Itaru Oki – trumpet, flugelhorn
Nicolas Moulin – guitar
Antoine Letellier – guitar, sax, trumpet
Guillaume Arbonville – drums
The French label Improvising Beings continues its mission to document the best instances of today’s improvised music and to provide new venues for important historical figures of the scene. This new release is a perfect synthesis of those tendencies, as it witnesses the encounter between Itaru Oki, one of the very first exponents of free jazz in Japan, with the younger musicians of the French trio Lena Circus.
The record opens in an exploratory mood, with the trio providing a spacey backdrop for Oki’s playing – a discreet electric soundscape that highlights the trumpeter’s beautifully nuanced tone and peculiar phrasing. The following tracks alternate between this suspended mode of expression and more tightly knit exchanges, with an ear to the history of electric jazz but pointing in interesting new directions. The guitars for the most part assume the role of pure sound generators, freeing the music from defined harmonic cages, while the dialogue between trumpet and drums usually stays in a more traditional dimension, with a loose, relaxed rhythmic connection. Latellier sometimes adds his saxophone and trumpet to the mix, further enriching the sound palette.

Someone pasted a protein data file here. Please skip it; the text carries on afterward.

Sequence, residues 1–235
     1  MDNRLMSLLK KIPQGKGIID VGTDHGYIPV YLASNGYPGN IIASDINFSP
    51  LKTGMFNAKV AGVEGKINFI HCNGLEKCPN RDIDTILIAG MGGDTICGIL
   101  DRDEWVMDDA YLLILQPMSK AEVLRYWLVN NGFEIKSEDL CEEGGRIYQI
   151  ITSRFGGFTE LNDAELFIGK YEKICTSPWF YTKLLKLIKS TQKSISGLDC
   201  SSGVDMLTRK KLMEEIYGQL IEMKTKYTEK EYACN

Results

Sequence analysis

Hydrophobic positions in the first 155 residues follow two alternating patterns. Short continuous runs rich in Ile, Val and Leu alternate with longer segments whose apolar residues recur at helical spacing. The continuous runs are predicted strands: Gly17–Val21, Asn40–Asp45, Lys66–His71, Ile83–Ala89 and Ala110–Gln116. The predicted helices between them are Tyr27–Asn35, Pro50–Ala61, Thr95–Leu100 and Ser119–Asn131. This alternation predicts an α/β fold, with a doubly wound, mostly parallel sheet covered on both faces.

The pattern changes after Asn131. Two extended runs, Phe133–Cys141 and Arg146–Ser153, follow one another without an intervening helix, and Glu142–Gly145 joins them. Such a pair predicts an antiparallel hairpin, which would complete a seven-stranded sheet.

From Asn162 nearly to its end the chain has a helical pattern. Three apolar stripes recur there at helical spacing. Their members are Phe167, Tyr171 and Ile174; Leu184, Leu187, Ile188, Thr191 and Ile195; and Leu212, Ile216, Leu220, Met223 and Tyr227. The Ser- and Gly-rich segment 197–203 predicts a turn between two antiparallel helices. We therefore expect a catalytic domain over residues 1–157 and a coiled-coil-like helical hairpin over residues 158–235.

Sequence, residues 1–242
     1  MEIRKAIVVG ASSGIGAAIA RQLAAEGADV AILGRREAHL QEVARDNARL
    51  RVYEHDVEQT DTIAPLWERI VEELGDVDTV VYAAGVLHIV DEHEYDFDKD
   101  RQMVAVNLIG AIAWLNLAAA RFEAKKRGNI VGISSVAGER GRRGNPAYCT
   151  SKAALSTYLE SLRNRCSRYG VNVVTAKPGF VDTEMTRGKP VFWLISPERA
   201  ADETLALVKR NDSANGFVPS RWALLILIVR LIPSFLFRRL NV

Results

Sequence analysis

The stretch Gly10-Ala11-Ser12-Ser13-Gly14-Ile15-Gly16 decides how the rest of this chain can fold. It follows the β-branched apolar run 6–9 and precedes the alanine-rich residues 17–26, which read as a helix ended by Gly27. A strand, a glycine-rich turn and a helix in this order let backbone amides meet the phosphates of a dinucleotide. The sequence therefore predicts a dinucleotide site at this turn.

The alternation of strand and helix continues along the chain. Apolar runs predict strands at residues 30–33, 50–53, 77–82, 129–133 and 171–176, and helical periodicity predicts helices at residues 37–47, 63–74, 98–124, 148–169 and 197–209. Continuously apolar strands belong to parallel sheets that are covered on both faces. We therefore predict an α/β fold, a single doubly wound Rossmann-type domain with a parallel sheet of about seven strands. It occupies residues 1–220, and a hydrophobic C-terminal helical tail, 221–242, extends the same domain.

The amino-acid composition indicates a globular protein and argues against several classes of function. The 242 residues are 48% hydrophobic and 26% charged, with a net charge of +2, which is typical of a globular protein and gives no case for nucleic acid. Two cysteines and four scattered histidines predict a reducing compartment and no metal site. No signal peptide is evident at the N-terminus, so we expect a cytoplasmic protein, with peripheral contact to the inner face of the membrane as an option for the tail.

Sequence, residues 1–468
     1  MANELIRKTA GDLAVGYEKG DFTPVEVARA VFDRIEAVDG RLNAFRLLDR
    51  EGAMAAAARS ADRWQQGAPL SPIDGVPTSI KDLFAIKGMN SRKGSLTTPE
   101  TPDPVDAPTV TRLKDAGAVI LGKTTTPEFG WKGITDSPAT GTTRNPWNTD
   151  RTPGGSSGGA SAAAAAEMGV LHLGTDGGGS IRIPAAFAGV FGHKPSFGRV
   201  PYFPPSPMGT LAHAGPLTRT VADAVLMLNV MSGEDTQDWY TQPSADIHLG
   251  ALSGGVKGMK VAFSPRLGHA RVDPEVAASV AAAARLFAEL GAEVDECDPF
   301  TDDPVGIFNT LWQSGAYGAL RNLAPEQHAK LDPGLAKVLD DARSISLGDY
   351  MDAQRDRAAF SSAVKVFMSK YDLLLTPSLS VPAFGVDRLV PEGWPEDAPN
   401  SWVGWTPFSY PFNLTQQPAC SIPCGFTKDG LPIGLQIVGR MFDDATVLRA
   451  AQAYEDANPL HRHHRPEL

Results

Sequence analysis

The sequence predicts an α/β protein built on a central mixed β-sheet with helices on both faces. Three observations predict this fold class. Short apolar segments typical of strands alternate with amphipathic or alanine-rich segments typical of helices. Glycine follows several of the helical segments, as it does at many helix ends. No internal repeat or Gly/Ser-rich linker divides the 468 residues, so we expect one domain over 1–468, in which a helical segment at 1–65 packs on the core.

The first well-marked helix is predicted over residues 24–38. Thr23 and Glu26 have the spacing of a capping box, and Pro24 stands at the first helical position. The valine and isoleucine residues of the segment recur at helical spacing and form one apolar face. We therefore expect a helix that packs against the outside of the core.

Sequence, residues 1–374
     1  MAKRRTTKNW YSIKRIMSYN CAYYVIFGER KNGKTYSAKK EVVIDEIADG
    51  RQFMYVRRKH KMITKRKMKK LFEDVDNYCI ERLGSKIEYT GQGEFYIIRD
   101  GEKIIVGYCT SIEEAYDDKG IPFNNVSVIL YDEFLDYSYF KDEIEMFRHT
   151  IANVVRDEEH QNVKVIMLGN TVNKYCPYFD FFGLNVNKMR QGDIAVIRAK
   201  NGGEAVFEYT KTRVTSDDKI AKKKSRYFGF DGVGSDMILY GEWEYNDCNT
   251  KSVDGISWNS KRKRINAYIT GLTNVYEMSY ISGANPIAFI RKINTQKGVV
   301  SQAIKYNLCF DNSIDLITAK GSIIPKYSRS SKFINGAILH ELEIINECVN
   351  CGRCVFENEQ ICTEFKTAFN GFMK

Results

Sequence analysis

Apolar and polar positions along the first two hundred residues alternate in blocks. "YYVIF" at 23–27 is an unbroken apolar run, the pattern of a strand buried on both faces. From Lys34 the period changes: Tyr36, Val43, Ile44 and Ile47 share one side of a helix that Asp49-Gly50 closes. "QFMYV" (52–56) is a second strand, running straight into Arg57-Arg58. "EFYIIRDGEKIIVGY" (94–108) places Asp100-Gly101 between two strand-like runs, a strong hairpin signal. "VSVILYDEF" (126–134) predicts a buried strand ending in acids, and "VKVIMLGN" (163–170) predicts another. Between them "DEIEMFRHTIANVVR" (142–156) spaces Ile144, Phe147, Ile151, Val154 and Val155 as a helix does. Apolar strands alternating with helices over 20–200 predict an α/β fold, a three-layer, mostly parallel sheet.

The general contours of the performance are mainly static, built on different complementary layers with little concern for structural developments, preferring a stream of consciousness type of improvisation in which ideas flow freely. The best moments come when the dreamy atmosphere is disturbed by more intense guitar interventions, where the musicians are pulled out of their comfort zone to approach the music with fresh energy and unusual ideas, finding new inputs in the open contrasts of the different instrumental voices of the ensemble.
The last track is particularly interesting, beginning with a refreshingly simple trumpet and drums rendition of the jazz standard “Love For Sale”, soon joined by the guitars and growing into an increasingly loud, menacing electric storm that ends the album abruptly, underlining the spontaneousness and the peculiar, unresolved quality of this record.
Zanshin is a stimulating first meeting between a master of free music and three younger but already capable improvisers, that promises even more interesting further developments.
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